Consent Management Platforms (CMPs) have become essential for businesses targeting European digital markets, taking on many of the complexities of GDPR and ePrivacy compliance requirements. Usercentrics Web CMP and Usercentrics App CMP provide a centralized solution for obtaining and managing user consent, helping to ensure that businesses can efficiently comply with regulatory demands while building user trust through transparency and choice.

Key benefits of CMPs


  • Centralized consent dashboard: Facilitates easy choice, management, and documentation of user consents, crucial for privacy compliance, in case of an audit or data subject access request, or maintaining access to Google platforms for advertising and other services.
  • Seamless integration: Harmonizes with your marketing tech stack, helping ensure that consent preferences are consistently applied across all digital interactions, and access to user data is protected and controlled.
  • Managed consent updates: Enables users to change or withdraw their consent preference at any time, and enables immediate adjustment to data collection and processing accordingly to maintain privacy compliance and user trust.
  • Automated legal and regulatory updates: Saves time and resources by keeping regulatory and data processing service information up to date, providing peace of mind and helping to ensure continued privacy compliance.
  • Transparency and trust: Enhances user confidence by clearly communicating how user data is used and providing consent choices that control data collection based on them, promoting a transparent and trustworthy relationship.

CMPs serve as the backbone for managing user consent, which affects the functions of your marketing stack and strategies, helping businesses easily navigate Europe’s complex regulatory landscape.

Key CMP implementation steps


  • Choose the right CMP: Opt for a CMP recognized for its robust compliance capabilities, capable of addressing the nuances of the GDPR and the ePrivacy Directive, with strong language support and extensive coverage for information about processing operations.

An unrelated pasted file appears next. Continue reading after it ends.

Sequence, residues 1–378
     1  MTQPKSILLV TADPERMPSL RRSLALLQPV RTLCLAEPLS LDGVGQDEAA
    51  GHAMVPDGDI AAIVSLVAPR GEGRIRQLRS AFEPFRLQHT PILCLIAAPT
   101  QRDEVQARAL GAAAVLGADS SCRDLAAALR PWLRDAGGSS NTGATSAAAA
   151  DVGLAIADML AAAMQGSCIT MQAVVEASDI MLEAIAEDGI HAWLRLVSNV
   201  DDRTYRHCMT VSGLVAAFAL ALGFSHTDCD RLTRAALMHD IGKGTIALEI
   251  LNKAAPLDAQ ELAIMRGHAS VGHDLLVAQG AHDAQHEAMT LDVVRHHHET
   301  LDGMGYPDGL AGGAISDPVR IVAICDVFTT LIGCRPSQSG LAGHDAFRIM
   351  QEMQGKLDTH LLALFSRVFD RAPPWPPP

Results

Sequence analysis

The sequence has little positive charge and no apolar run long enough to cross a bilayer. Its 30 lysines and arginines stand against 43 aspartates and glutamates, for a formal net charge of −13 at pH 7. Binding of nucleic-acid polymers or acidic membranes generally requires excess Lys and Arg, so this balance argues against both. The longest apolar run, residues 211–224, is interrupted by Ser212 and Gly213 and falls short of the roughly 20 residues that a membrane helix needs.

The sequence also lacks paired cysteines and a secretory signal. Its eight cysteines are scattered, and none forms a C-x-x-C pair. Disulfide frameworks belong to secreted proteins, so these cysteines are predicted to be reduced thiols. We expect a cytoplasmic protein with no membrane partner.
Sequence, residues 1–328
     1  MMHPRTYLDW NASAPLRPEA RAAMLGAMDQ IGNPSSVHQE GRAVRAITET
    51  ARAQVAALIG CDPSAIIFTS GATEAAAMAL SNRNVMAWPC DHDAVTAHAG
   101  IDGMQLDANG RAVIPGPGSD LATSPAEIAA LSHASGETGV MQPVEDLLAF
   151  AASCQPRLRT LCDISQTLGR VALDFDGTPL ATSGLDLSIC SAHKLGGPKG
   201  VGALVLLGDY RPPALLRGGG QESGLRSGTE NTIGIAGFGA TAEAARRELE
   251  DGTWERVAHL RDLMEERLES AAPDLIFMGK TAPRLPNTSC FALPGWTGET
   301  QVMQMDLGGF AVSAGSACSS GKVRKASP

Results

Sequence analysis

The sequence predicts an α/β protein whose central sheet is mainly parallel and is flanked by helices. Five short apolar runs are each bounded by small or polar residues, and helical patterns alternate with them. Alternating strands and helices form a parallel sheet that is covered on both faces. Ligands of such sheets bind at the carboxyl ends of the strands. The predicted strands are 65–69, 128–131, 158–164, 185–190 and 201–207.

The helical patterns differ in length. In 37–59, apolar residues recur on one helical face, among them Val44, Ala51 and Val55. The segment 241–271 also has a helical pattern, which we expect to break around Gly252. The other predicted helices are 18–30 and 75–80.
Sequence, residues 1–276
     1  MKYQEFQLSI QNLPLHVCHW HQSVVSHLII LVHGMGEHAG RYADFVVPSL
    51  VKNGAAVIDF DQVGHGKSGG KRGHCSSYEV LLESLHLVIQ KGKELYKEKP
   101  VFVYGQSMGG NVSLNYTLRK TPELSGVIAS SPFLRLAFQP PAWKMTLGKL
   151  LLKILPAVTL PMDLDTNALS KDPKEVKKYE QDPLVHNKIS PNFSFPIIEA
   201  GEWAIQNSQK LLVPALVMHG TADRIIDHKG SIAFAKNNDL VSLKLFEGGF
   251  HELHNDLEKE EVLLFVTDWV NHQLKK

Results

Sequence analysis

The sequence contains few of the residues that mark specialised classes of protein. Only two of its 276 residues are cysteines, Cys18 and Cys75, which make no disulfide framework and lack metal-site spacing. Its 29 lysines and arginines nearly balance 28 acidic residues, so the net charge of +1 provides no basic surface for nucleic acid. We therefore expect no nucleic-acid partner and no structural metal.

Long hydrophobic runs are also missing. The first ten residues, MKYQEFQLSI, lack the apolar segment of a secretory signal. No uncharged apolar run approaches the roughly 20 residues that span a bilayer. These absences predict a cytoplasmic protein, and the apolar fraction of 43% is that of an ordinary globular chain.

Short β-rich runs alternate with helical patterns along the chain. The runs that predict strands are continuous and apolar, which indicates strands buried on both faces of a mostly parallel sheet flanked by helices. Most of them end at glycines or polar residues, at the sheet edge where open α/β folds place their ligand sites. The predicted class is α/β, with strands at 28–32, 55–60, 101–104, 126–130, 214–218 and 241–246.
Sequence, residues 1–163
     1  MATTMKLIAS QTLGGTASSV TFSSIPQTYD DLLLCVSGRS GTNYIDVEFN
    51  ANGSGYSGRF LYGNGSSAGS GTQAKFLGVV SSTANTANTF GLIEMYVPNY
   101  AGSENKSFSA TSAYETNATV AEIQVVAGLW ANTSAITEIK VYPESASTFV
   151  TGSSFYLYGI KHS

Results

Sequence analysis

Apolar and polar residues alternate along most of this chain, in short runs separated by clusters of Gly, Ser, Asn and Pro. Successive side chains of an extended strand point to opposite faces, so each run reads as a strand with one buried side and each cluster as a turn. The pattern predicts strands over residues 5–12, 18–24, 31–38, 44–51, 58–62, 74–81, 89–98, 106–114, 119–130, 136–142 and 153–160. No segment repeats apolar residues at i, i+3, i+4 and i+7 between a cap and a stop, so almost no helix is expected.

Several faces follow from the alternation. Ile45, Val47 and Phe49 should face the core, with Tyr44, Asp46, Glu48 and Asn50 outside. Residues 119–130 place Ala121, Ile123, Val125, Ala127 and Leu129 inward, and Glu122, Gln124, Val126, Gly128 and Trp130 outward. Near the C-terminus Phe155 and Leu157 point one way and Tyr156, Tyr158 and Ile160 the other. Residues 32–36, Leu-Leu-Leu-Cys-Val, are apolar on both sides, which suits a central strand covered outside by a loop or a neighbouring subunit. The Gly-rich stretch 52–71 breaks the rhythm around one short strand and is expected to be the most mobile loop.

• Customize consent notices and options: Design consent notices to be clear and user-friendly, offering straightforward options for users to grant or withhold consent at a granular level.
  • Documentation of consent: Keep an accurate record of consent to maintain accountability, enable updates, and facilitate compliance checks.
  • Regular updates to consent management practices: Use robust analytics to enable key insights into user interactions and optimize to boost consent rates.

For Asian enterprises, adapting to these regulations means shifting how personal data is collected, processed, and protected. Understanding and implementing these standards is crucial to building a trustworthy and legally compliant European presence.


Some Asian countries have implemented comprehensive data privacy regulations, like China’s Personal Information Protection Law (PIPL), South Korea’s Personal Information Protection Act (PIPA), and India’s Digital Personal Data Protection Act (DPDP Act). China’s and India’s regulations, particularly, took some influence from the GDPR, so many companies already operating in Asian markets will have sophisticated familiarity with modern data privacy regulations, and will only need to do limited work to adapt practices to European regulations and audiences.

Adapting to European markets

For Asian businesses venturing into Europe, the journey encompasses more than meeting regulatory benchmarks. establish a genuine rapport with European consumers through great user experience. The optimal approach emphasizes the following:

  • Cultural integration: Collaboration with local experts and consultants can be invaluable, providing deep insights that ensure your marketing resonates. In a number of cases, having a local representative and/or Data Protection Officer is also a legal requirement.
  • Localized marketing: Beyond translation, adapting your marketing to local preferences involves a nuanced understanding of European consumption patterns, communication preferences, and buying patterns. Tailoring your campaigns to reflect local events or partnering with regional influencers can infuse your brand with authenticity and relevance. We also recommend investing in preference management initiatives to gain critical zero-party data directly from your customer base.